Drivers who are concerned about negligence in car accidents should consider the factors that determine whether a driver is at fault for a crash. Negligence has a precise legal definition that may be different from how it is defined in casual conversation. Understanding how negligence is defined can help the victim of a car accident determine whether he or she has a case against the driver who is believed to have caused the accident.
First, there needs to be evidence that there was a loss or personal injury that resulted from the driver's actions. For instance, while a driver may have failed to keep his or her vehicle in good condition, the lack of proper maintenance on the vehicle needs to have directly caused the collision for the court to consider it negligence. As an example, if the other driver's vehicle had broken headlights, that might lead to the court determining the driver was at fault but only if the accident happened at night or in inclement weather that reduced visibility.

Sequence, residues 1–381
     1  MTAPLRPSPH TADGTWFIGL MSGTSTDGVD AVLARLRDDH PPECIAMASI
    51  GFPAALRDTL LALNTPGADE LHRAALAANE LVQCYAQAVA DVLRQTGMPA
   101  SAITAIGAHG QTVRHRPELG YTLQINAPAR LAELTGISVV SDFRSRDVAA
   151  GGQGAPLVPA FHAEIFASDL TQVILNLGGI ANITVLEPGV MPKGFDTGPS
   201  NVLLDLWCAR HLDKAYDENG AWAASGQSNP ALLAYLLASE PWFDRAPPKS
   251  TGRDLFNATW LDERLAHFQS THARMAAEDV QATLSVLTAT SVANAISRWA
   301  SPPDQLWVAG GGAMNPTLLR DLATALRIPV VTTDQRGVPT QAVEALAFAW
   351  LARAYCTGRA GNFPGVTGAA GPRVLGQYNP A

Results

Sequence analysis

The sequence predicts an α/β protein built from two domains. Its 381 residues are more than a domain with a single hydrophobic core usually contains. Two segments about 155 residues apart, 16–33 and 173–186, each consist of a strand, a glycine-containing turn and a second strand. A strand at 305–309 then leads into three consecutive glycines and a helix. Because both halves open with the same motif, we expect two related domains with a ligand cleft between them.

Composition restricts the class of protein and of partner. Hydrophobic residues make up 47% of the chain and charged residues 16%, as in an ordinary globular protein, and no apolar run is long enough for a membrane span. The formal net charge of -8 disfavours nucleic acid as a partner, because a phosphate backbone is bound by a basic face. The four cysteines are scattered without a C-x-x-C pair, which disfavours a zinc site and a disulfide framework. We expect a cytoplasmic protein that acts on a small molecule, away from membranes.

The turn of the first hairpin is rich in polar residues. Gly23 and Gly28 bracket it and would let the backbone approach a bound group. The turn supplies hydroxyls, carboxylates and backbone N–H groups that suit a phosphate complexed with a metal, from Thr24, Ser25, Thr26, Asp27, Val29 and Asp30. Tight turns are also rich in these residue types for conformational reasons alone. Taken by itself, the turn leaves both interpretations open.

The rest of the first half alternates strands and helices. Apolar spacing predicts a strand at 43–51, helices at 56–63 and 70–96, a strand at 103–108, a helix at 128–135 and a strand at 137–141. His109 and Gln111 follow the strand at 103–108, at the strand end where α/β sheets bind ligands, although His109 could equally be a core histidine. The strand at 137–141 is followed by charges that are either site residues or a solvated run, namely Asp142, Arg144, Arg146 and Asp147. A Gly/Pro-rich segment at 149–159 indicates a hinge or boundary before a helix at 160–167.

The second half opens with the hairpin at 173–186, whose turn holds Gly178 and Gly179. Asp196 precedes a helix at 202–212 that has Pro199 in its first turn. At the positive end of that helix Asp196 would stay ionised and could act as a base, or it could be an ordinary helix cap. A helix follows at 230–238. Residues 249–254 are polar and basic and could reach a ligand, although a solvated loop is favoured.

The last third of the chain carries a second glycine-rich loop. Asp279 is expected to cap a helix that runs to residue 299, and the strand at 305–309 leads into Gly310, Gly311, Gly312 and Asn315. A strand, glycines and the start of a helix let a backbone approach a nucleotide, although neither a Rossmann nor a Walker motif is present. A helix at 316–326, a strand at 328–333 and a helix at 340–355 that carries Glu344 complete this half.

For a driver to be determined negligent, there also needs to be evidence that he or she did not exercise reasonable care. An example of failure to exercise reasonable care can include swerving, texting while driving or failing a Breathalyzer test. Other examples of failure to exercise reasonable care are speeding, following too closely and failing to adhere to traffic laws.
If a driver or passenger suffers an injury as a result of a car accident and believes the other driver is at fault, he or she may consider consulting an attorney with experience in personal injury and motor vehicle crashes. Determining fault can be a complicated issue, but a qualified attorney may be able to help a victim decide if the case is worth pursuing in court.